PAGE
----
Worst. Talking Point. Ever.
If this is the best the Democrats can come up with, they are in deep, deep trouble:Republicans argue that an unemployment rate higher than it has been in more than a quarter of a century is evidence that the Democratic agenda isn't putting Americans back to work. They say the situation will be made worse if Congress and President Obama enact a health care overhaul that will require $1 trillion in tax hikes and entitlement cuts to expand insurance coverage.
"Ten-point-two now makes it hard for the majority to sell their agenda," said Rep. Dave Camp of Michigan, the top Republican on the tax-writing Ways and Means Committee.
"All I know is that Speaker Pelosi is trying to force her members to vote for a bill that the American people have soundly rejected," added House Minority Leader John Boehner (R-Ohio).
Democrats counter that their agenda has kick-started a recovery on Wall Street, even if it hasn't trickled down to the job market yet, and that Republicans are putting what they've begun at risk.[McArdle's bolding, I think, although it's hard to tell, the naughty little sloppy blogger.]
Whoever said that achieved the spectacular feat of making Michael Steele look like a master political strategist.
My goodness, who could have said such a silly thing, that makes Michael Steele look smart in comparison? It's kind of hard to tell, since Miss Megan can't be bothered to post a link. I understand--when you post links people can check what you say and that very often leads to disaster in MeganLand, but we (and the rest of the world) can google. Let's take a look.
Ah, it's Politico. (There is a link in the comments, but unlike McArdle we like to check sources.) So McArdle is upset that Democrats want to start a recovery on Wall Street that will trickle down jobs? That is, when corporations recover they'll hire people and unemployment will decrease? What's the problem with that?
Megan McArdle (Replying to: Bill Rutherford, Princeton Admissions) November 6, 2009 10:23 PM
Someone said something very clos e to that: "the stock market is recovering, and if we falter on health care now, everything will go to hell". Focusing anyone on the stock market, not a good idea.
Wait a minute--where did this health care talking point come from? What did the article say? What came after the part of the Politico article that McArdle bolded?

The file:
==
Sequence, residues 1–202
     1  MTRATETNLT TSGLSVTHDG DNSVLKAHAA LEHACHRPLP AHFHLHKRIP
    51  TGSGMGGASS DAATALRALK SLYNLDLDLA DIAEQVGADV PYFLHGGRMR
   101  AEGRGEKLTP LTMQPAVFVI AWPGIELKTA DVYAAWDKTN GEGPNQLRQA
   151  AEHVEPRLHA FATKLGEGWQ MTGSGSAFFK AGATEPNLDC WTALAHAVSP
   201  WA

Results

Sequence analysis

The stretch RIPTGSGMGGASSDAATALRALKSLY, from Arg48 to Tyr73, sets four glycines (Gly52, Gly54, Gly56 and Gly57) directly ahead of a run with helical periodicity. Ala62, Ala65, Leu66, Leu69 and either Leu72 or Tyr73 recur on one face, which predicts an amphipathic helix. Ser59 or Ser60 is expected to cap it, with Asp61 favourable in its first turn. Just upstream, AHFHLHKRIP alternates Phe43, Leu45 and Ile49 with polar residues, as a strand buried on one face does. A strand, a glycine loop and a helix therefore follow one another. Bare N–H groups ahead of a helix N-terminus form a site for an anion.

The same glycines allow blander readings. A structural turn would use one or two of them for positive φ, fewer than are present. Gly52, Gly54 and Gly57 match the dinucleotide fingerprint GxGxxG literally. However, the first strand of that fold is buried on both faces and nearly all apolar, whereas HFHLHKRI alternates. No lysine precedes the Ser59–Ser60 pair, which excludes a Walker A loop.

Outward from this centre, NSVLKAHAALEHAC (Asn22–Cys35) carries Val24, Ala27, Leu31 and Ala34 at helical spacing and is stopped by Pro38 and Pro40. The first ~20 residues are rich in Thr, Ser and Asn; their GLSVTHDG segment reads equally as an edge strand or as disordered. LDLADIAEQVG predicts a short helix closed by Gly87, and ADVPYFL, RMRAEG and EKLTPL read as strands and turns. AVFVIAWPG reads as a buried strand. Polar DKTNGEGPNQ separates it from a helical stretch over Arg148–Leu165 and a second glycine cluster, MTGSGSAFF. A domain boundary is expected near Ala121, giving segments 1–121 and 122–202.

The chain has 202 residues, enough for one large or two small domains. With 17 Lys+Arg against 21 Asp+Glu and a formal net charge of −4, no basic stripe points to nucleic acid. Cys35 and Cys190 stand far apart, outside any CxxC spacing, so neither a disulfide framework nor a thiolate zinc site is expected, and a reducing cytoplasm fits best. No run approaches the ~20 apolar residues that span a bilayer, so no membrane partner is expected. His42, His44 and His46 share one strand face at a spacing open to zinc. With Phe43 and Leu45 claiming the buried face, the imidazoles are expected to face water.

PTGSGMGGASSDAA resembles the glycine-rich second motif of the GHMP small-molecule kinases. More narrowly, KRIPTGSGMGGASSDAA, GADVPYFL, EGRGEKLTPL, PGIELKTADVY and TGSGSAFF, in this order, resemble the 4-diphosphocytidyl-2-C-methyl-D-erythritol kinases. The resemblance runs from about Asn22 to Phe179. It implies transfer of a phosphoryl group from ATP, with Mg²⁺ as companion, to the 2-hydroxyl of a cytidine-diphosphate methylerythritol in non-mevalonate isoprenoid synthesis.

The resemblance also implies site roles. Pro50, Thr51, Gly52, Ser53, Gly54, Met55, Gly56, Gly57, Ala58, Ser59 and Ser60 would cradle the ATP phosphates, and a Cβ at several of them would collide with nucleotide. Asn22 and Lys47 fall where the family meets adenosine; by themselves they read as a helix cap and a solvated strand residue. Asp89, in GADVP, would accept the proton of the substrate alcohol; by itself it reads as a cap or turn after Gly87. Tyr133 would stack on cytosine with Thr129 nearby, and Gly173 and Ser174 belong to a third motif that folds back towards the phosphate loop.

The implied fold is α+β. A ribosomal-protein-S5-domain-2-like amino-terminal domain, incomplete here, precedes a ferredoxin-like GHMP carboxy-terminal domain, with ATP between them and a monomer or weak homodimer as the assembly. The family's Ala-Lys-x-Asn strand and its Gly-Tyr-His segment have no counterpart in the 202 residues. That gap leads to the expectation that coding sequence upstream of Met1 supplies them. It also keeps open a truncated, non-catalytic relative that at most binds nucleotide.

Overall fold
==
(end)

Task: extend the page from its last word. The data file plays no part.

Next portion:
“Ten-point-two now makes it hard for the majority to sell their agenda,” said Rep. Dave Camp of Michigan, the top Republican on the tax-writing Ways and Means Committee.
“All I know is that Speaker Pelosi is trying to force her members to vote for a bill that the American people have soundly rejected,” added House Minority Leader John Boehner (R-Ohio).
Democrats counter that their agenda has kick-started a recovery n Wall Street, even if it hasn’t trickled down to the job market yet, and that Republicans are putting what they’ve begun at risk.
Still, they’re anxious to show they are working on new solutions to help Americans who are out of work.
“With the unemployment rate at 10.2 percent, the highest since the early 1980s, Congress should consider a range of job-creation policies including a jobs tax credit bill I plan to introduce,” Sen. Russ Feingold (D-Wis.) said. “While a jobs tax credit wouldn’t fix all the challenges businesses face, it would be an effective tool in helping some firms hire more workers. Job creation must be a top priority for Congress and I will continue to look for ways to help get Americans back to work.”
For Rep. Corrine Brown (D-Fla.), who has a safe seat, the answer is to get more stimulus dollars flowing.
“We’ve got to push getting those stimulus dollars out that are clogged in the system,” she said.
Rep. Russ Carnahan (D-Mo.) said a new highway bill would help immediately with job creation.
Democrats will focus even more on job creation once Congress finishes the debate on health care, said Sen. Mark Begich, a freshman Democrat elected from deeply Republican Alaska in 2008.